Orcas are facing a new problem: starvation. There is a rising concern about the future and life conditions of orca populations frequenting the Washington State waters, according to an announcement made by the Center for Whale Research on Friday.
There is not enough food for orcas, which is key to understand why they are dying. A 23-year old female whale known as J28 or “Polaris,” and her 10-month-old calf might have died recently, while a 42-year-old female remains missing. These three deaths have dropped the whale population in Washington to just 80, the lowest number in decades.
Killer whales are starving
The southern resident killer whales represent the smallest resident community of whales within the Northwest portion of North America Ocean. They are listed as endangered by the U.S Fish & Wildlife Service, and therefore they were protected by the Endangered Species Act in 2005.
There are only 80 whales among this community; the oldest killer whale is believed to be Granny or J2, a female orca that was born in 1911 approximately, meaning she is 105 years old.
The population of “fish-eating orcas” is decreasing because of different factors including climate change and other human activities.
Marine biologists say that the recent deaths are caused by lack of food for the whales. Several cases of missing orcas have been noticed in the waters of Washington in the last census.
Killer whales eat salmon, especially the Chinook salmon, which is a large and fat fish. However, the salmon population has also declined.
The census made on July 1 by the Center for Whales Control suggests that a 42-year-old female orca has died. And now it is believed that a J28, another female has died alongside its calf.
According to the Center’s senior scientist Ken Balcomb, the orcas, especially the mothers and their calves, are dying because they don’t find enough food.
Balcomb has been closely studying and monitoring whales since the 70s when he made his fist whale census. He’s been tracking the movement, birth, development and death of this community of whales ever since.
Calves are at risk
The young orcas need proper resources to survive and develop. Their opportunities are reduced when they lose their mother at a young age. The death of a mother whale dooms the calves since they need protection. Researchers now want to prevent future similar cases from happening.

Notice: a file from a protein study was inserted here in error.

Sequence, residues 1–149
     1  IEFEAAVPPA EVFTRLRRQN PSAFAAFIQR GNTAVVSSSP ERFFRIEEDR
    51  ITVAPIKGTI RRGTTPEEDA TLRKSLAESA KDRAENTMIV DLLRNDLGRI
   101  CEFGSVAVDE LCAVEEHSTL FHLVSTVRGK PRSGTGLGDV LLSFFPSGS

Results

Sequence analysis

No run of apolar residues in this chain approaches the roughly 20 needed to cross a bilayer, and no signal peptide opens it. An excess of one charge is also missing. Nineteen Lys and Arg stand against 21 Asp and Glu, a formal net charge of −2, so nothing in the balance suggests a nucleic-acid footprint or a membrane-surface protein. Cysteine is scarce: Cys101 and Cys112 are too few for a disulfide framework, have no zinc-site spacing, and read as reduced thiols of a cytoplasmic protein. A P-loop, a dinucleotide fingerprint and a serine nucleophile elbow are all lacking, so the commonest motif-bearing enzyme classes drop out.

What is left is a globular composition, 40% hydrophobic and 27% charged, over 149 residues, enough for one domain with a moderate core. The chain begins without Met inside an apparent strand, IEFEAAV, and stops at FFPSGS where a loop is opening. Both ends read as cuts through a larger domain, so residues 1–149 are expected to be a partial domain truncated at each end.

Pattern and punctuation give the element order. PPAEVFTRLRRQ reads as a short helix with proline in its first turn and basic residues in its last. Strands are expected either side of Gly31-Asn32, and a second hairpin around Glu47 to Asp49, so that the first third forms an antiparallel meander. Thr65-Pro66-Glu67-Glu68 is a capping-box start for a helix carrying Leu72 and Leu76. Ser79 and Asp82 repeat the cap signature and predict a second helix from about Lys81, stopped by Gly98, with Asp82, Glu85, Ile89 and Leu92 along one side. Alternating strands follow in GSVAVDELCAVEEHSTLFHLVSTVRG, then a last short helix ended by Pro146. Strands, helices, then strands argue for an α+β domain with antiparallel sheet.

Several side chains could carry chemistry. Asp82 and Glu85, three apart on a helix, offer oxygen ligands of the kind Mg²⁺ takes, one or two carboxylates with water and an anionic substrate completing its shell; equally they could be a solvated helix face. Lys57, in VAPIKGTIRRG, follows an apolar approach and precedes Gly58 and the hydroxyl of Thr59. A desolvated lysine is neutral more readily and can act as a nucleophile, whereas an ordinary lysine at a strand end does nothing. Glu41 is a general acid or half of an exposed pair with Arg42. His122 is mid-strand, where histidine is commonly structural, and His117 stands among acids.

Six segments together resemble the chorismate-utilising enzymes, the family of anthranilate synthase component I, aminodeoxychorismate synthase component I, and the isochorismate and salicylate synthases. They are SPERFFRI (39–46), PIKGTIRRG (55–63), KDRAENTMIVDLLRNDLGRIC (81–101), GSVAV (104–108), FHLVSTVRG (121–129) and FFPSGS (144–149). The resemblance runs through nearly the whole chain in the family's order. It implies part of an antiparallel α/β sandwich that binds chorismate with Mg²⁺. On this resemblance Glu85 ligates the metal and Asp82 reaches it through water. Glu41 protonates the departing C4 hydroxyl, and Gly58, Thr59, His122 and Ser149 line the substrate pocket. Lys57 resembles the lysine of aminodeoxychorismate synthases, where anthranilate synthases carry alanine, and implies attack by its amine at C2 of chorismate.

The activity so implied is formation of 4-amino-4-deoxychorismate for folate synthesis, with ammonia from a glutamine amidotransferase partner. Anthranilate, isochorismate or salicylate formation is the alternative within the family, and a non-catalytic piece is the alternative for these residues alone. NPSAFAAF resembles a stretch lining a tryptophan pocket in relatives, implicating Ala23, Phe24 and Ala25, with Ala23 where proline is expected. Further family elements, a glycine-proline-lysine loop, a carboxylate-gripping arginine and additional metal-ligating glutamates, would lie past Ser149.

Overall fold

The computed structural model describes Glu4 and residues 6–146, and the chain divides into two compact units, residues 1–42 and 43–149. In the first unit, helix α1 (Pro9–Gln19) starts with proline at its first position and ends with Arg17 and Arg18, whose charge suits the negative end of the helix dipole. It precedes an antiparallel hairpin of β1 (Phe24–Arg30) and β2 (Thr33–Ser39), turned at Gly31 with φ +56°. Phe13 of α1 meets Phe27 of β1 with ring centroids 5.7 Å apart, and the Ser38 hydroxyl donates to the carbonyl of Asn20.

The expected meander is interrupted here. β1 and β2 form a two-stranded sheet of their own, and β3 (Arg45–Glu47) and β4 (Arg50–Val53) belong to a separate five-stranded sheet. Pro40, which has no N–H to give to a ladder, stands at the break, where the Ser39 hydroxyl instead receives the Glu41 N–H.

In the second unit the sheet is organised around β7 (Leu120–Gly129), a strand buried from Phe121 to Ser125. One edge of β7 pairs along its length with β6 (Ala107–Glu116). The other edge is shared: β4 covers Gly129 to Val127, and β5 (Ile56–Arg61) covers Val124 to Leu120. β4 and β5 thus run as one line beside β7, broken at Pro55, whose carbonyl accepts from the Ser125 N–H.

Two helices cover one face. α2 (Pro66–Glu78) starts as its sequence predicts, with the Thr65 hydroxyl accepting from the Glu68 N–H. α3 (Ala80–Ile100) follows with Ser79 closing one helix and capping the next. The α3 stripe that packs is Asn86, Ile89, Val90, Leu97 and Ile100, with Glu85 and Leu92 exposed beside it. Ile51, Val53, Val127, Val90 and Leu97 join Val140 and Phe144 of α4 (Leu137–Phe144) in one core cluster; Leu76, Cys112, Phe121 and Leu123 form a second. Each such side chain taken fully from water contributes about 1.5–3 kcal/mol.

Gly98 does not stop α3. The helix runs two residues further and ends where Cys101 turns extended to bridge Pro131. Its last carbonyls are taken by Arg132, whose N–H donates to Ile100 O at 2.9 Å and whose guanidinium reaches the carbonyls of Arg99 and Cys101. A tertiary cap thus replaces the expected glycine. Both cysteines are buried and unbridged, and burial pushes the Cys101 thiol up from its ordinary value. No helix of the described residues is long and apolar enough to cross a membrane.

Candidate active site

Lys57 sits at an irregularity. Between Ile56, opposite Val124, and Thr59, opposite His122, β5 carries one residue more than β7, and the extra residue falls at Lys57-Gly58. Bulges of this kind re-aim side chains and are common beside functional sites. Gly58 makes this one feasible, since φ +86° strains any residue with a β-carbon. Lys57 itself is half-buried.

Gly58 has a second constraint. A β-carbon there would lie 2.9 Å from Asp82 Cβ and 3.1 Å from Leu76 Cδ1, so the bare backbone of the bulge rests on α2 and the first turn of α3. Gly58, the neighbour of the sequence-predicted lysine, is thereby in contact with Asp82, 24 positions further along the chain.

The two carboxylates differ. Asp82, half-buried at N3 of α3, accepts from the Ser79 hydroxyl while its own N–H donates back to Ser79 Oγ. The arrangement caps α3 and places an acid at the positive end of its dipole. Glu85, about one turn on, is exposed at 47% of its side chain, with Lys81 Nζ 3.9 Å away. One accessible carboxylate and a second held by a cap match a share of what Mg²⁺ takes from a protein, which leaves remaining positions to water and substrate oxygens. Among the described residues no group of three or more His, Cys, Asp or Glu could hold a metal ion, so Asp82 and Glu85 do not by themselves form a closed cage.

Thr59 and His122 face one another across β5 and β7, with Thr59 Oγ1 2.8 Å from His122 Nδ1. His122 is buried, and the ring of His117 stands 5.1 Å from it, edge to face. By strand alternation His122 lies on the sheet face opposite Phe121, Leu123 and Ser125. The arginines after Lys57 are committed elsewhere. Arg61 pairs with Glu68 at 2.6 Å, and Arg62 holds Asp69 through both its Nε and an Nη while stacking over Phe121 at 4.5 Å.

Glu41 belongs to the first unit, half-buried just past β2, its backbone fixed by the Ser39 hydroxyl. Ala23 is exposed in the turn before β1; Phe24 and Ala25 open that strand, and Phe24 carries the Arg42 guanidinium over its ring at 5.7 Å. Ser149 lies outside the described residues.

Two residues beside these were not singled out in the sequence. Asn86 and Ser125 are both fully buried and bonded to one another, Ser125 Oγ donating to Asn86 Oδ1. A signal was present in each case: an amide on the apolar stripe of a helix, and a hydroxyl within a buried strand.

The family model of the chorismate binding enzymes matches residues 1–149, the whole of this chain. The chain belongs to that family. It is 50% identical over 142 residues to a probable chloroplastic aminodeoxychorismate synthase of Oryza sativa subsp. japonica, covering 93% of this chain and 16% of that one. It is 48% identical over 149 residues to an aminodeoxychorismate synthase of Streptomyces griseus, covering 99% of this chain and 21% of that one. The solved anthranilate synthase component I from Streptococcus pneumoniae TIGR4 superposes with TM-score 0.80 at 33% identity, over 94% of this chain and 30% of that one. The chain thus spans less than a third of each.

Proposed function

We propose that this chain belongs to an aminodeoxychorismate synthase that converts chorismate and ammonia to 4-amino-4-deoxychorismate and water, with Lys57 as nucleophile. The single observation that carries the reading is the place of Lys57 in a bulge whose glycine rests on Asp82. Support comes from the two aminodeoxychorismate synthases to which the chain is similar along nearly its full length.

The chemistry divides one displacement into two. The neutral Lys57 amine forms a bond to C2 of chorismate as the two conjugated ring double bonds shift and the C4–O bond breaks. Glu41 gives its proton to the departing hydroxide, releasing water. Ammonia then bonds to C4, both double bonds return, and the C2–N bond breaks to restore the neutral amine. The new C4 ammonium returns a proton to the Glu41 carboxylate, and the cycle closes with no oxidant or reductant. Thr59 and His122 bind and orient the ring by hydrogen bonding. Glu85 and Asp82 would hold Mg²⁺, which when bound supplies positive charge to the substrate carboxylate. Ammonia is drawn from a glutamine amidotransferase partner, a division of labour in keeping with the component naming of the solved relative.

J28’s 10-month-old calf is known as J54 or Dippler. It was born in December. Though its dead is not official yet, scientists are concerned about J54 due to her mother’s death. In the last month, the calf had been showing signs of emancipation. At its age, it also needs its mother’s milk.
Scientists call to breach the dams to save the killer whales
Statistics show that the the killer whale population in Puget Sound has worryingly declined. Two decades ago, there were hundreds of killer whales and now barely 80.
Scientists believe they can help saving whales from starvation by breaching the dams to enable salmon to enter into the habitat of the orcas. The specialists are asking the authorities to let loose the four dams on the Lower Snake River.
“We know what we need to do, feed them,” Balcomb said at a news conference on the Seattle waterfront surrounded by supporters who held signs calling for the dams to be breached.
Not everyone agrees with that action. Some say that the dams shouldn’t be removed because they provide low-cost hydroelectric power, thus playing an important role in the economy of the region. However, biologists and environmentalists say that measures need to be taken to save the starving orcas.
“There’s no reason these dams couldn’t be breached,” said Jim Waddell, a retired engineer who spoke at the Seattle Conference.
In March, in a long-running lawsuit, the U.S. District Judge Michael H. Simon in Portland refused to apply the federal government plan for offsetting the damage that the dams in the Columbia River Basin pose to salmon.
The judge asked the government to figure out a better plan by March 2018. He expressed that he couldn’t impose actions to the government, but he suggested a proper analysis, under the Federal law, that envisions reasonable alternatives for breaching, bypassing or removing the Lower Snake River dams.
Source: The Himalayan Times